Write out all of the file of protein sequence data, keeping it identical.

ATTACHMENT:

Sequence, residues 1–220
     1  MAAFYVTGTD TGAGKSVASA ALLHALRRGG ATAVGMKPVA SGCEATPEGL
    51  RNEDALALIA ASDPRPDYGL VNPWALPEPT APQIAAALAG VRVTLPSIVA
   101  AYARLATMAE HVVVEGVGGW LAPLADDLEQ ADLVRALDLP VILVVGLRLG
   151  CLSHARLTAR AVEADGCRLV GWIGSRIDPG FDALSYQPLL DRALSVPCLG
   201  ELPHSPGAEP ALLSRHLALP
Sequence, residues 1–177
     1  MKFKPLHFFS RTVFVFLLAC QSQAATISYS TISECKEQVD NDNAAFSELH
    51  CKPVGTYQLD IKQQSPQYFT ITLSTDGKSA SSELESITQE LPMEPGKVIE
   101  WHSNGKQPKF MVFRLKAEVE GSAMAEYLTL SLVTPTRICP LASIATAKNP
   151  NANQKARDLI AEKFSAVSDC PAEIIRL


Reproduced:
Sequence, residues 1–220
     1  MAAFYVTGTD TGAGKSVASA ALLHALRRGG ATAVGMKPVA SGCEATPEGL
    51  RNEDALALIA ASDPRPDYGL VNPWALPEPT APQIAAALAG VRVTLPSIVA
   101  AYARLATMAE HVVVEGVGGW LAPLADDLEQ ADLVRALDLP VILVVGLRLG
   151  CLSHARLTAR AVEADGCRLV GWIGSRIDPG FDALSYQPLL DRALSVPCLG
   201  ELPHSPGAEP ALLSRHLALP
Sequence, residues 1–177
     1  MKFKPLHFFS RTVFVFLLAC QSQAATISYS TISECKEQVD NDNAAFSELH
    51  CKPVGTYQLD IKQQSPQYFT ITLSTDGKSA SSELESITQE LPMEPGKVIE
   101  WHSNGKQPKF MVFRLKAEVE GSAMAEYLTL SLVTPTRICP LASIATAKNP
   151  NANQKARDLI AEKFSAVSDC PAEIIRL